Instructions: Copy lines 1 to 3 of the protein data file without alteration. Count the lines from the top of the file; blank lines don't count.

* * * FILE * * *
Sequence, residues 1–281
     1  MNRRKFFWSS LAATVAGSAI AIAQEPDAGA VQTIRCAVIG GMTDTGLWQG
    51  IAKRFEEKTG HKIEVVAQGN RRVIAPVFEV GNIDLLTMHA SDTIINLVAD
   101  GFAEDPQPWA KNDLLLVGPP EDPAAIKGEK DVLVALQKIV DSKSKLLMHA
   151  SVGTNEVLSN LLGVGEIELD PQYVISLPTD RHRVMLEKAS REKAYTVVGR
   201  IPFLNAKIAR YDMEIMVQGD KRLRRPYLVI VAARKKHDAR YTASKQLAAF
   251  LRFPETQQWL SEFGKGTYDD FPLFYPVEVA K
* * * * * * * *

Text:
Sequence, residues 1–281
     1  MNRRKFFWSS LAATVAGSAI AIAQEPDAGA VQTIRCAVIG GMTDTGLWQG
    51  IAKRFEEKTG HKIEVVAQGN RRVIAPVFEV GNIDLLTMHA SDTIINLVAD